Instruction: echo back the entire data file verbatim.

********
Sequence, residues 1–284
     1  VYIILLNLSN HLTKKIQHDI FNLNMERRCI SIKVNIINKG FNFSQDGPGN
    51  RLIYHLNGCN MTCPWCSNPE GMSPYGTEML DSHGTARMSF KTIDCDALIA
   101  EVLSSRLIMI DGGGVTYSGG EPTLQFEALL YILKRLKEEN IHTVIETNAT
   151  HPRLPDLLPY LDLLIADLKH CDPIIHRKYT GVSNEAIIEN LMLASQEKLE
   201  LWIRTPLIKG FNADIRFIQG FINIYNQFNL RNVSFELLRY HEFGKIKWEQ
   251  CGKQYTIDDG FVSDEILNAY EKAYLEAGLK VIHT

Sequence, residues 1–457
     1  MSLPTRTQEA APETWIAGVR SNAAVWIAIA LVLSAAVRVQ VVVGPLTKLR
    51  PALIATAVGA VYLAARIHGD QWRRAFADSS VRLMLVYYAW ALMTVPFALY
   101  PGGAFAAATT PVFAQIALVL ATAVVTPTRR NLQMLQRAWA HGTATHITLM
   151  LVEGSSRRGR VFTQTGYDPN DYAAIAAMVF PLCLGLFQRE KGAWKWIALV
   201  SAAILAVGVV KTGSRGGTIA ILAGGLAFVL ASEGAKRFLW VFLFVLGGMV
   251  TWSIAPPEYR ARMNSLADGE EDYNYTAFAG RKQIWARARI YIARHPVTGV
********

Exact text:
Sequence, residues 1–284
     1  VYIILLNLSN HLTKKIQHDI FNLNMERRCI SIKVNIINKG FNFSQDGPGN
    51  RLIYHLNGCN MTCPWCSNPE GMSPYGTEML DSHGTARMSF KTIDCDALIA
   101  EVLSSRLIMI DGGGVTYSGG EPTLQFEALL YILKRLKEEN IHTVIETNAT
   151  HPRLPDLLPY LDLLIADLKH CDPIIHRKYT GVSNEAIIEN LMLASQEKLE
   201  LWIRTPLIKG FNADIRFIQG FINIYNQFNL RNVSFELLRY HEFGKIKWEQ
   251  CGKQYTIDDG FVSDEILNAY EKAYLEAGLK VIHT

Sequence, residues 1–457
     1  MSLPTRTQEA APETWIAGVR SNAAVWIAIA LVLSAAVRVQ VVVGPLTKLR
    51  PALIATAVGA VYLAARIHGD QWRRAFADSS VRLMLVYYAW ALMTVPFALY
   101  PGGAFAAATT PVFAQIALVL ATAVVTPTRR NLQMLQRAWA HGTATHITLM
   151  LVEGSSRRGR VFTQTGYDPN DYAAIAAMVF PLCLGLFQRE KGAWKWIALV
   201  SAAILAVGVV KTGSRGGTIA ILAGGLAFVL ASEGAKRFLW VFLFVLGGMV
   251  TWSIAPPEYR ARMNSLADGE EDYNYTAFAG RKQIWARARI YIARHPVTGV